• Caring doesn't scale — Brian Sletten in the service of O'Reilly's ego: If the cost of integration falls to almost nothing it becomes easier to support casual interactions. They may turn into more formal, long-lived integrations down the road, but for now we can exchange information with anyone at any time about any subject for way less effort than you probably can imagine given the pains you have seen elsewhere. Our ability to do anything with this information isn't immediately guaranteed, but freeing it from silos is the first step.

Sunday, 13 December 2015 - 5:23pm

Published by Matthew Davidson on Sun, 13/12/2015 - 5:23pm in

This week, I have been mostly letting the reading slide, with some exceptions:

  • To Weld, Perchance, to Dream — Simon Critchley in the New York Times: The pre-Socratic thinker Thales falls into a ditch because he’s too busy contemplating the heavens and their origins. A Thracian serving girl is said to have laughed heartily at Thales’ pratfall. And that’s how I like to think about philosophy: it doesn’t so much begin in the confined elegance of Oxbridge tutorials as in a ditch with a nasty bruise on one’s head and possibly some ligament damage.
  • It's Too Late to Turn Off Trump — Matt Taibbi is mad as hell and not going to take it anymore, in Rolling Stone: This world of schlock stereotypes and EZ solutions is the one experience a pampered billionaire can share with all of those "paycheck-to-paycheck" voters the candidates are always trying to reach. TV is the ultimate leveling phenomenon. It makes everyone, rich and poor, equally incapable of dealing with reality.
  • Do Not Ask Western Leadership to Fix Anything — Ian Welsh: If you want to fix any problem in the West, or have the West be helpful for fixing any global problem, you need to fix the Western leadership class. That means fixing Western media, education, corporations, etc, etc. The list is long, because they have deliberately broken virtually everything to turn it into an opportunity for a very few people to become richer. If you are British, you have a decent, honorable man who actually wants to do almost all the right things: Corbyn. Get to work supporting him, however you can. If he goes down, the political class will take it as a lesson that trying to help ordinary people is a really bad idea.
  • One Night in Kunduz, One Morning in New York — Laura Gottesdiener, TomDispatch: At 2:56 a.m., on the morning of the attack, an MSF representative in Kabul again texted an official of the American-led mission, demanding an end to the strikes, which had lasted nearly an hour. By then, flames had overtaken the main building, with children still trapped inside. Abdul Manar, a caretaker at the hospital, recalled the sound of their cries. "I could hear them screaming for help inside the hospital while it was set ablaze by the bombing," he told Al Jazeera.
  • Hysteresis and Monetary Policy — Bill Craighead: In macroeconomics, hysteresis occurs when an economic downturn has a lasting effect on economic capacity (i.e., reduced "potential output"); that is, lack of demand creates its own lack of supply. […] People with spells of long-term unemployment have a harder time finding jobs. But looking at the unemployed leaves out those who left the labor force entirely. The last several years have seen a significant drop in labor force participation rates, even among people aged 25-54. […] the unemployment (and presumably the depressed participation rate, too) is "structural" in nature, and not amenable to any improvement in aggregate demand that might be generated with expansionary monetary policy.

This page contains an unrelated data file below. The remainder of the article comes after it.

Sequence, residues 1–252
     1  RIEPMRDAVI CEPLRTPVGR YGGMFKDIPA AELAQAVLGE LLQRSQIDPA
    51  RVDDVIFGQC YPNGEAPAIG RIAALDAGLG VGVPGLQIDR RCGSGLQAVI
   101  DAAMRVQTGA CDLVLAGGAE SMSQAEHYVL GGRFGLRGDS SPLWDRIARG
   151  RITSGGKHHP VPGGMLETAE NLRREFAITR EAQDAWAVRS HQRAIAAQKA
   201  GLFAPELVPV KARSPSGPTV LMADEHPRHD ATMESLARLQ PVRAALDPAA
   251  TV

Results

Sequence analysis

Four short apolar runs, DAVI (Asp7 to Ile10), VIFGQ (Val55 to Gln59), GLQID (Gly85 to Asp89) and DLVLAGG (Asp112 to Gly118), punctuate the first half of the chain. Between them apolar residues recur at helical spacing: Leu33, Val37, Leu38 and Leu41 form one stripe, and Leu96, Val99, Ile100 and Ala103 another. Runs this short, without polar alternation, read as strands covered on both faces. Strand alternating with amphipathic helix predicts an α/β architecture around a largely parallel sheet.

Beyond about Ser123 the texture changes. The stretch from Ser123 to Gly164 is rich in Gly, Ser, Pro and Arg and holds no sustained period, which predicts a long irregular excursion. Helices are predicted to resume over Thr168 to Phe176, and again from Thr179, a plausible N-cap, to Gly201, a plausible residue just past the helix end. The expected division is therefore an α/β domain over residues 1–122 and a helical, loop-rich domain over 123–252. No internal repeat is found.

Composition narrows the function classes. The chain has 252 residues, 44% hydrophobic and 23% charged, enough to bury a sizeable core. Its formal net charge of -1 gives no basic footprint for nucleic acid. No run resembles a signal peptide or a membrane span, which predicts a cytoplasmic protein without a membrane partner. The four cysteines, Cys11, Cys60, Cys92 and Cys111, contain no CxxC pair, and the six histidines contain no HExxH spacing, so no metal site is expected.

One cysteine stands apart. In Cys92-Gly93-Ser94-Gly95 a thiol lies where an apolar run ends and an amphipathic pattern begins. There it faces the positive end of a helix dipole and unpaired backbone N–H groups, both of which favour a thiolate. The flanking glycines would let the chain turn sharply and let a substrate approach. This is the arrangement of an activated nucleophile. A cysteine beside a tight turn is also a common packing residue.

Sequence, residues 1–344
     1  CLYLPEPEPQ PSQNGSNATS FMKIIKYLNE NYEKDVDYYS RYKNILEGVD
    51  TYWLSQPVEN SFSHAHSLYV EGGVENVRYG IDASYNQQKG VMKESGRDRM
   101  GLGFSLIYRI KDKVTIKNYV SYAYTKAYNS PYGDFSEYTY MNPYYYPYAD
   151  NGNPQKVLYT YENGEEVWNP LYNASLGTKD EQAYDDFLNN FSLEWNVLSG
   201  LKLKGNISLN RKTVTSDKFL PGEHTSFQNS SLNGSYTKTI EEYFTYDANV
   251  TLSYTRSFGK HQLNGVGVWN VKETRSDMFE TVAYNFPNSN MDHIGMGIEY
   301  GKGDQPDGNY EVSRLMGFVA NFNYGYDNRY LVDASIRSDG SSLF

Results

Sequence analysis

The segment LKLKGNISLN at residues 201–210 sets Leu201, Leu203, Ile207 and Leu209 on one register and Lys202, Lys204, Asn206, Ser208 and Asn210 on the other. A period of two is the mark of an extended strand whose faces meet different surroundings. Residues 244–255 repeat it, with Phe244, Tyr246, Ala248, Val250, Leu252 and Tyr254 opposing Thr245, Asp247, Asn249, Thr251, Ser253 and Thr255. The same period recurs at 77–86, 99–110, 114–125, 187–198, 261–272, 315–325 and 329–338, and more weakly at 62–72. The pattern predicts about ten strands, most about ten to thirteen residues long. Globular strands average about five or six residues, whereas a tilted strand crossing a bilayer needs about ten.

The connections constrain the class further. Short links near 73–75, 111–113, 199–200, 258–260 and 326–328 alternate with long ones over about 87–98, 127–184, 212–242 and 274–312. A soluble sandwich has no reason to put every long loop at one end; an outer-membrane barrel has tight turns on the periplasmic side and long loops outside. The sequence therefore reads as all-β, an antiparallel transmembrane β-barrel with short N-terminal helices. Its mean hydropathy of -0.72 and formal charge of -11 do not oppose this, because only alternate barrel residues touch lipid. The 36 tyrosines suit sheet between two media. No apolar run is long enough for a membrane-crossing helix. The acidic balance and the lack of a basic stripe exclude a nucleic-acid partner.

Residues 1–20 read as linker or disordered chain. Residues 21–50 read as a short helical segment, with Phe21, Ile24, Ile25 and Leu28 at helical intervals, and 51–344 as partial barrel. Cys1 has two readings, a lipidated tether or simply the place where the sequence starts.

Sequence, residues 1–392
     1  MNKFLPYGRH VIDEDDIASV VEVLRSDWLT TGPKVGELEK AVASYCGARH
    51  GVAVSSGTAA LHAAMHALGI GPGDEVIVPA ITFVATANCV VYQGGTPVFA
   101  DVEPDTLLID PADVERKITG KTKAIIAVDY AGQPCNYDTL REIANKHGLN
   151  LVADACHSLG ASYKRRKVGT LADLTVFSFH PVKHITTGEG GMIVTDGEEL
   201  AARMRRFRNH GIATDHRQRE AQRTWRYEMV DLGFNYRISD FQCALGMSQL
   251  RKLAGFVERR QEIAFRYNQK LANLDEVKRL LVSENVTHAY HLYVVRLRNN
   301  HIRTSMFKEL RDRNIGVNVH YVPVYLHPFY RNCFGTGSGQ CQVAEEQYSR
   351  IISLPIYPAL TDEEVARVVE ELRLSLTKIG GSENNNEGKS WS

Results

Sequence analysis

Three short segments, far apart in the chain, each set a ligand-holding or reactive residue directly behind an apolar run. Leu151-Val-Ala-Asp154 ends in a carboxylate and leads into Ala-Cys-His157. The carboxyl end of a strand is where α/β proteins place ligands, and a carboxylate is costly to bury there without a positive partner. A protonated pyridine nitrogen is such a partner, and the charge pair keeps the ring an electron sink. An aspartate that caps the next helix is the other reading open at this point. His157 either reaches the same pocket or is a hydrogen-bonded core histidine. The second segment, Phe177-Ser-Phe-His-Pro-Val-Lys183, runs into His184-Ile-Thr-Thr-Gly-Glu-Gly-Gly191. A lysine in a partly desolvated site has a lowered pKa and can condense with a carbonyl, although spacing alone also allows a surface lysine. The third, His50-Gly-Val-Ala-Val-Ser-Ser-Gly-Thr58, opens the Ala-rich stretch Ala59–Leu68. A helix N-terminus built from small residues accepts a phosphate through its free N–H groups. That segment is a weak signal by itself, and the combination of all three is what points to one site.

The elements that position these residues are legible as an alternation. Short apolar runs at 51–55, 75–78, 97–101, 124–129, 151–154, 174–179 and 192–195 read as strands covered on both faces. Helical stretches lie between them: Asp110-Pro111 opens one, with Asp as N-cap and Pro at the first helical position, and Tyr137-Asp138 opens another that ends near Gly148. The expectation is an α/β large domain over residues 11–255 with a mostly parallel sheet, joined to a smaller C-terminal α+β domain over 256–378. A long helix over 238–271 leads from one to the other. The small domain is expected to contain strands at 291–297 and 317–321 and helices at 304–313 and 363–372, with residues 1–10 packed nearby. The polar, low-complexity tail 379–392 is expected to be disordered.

Sunday, 6 December 2015 - 6:58pm

Published by Matthew Davidson on Sun, 06/12/2015 - 6:58pm in

This week, I have been mostly reading:

  • Leftie Come Lately — Ted Rall:
    The case against Bernie Sanders is that he's too far left to be electable. Now, however, Hillary Clinton is stealing all his ideas, like opposing the TPP and Keystone XL pipeline. Shouldn't that make her unelectable too?
  • How New Zealand fell further behind — John Quiggin in Inside Story: Australians of all political persuasions understand that “reform” is code for harder work, lower pay and a more unequal distribution of income, and “austerity” means cuts in tax for the rich and cuts in services and benefits for everyone else. On these criteria, we are indeed trailing most of the English-speaking world. All the advocates of reform and austerity need to do now is convince us that these countries are outperforming us on the measures that count. This is difficult, to put it mildly.
  • Dream of New Kind of Credit Union Is Extinguished by Bureaucracy — Nathaniel Popper, NYT: The only good thing about Bitcoin is that it keeps the avaricious and gullible so preoccupied that they are limited in the harm they can do to anyone else. However, killing off a Brewster Kahle project is like kneecapping Santa Claus on December 24th. 'The original vision of this thing — of helping nonprofit workers, or helping the poor — they will not allow it,' Mr. Kahle said.
  • Modern Monetary Theory and Value Capture — Bill Mitchell: Public sector infrastructure developments push up land values in nearby areas and deliver windfall gains to land owners sometimes well in excess of the initial outlays required to fund the project in question. […] Land Value Capture this aims to ensure that those who gain windfall profits from land holdings that skyrocket in value because of a particular government decision (rezoning, infrastructure project etc) pay for some or all of the project.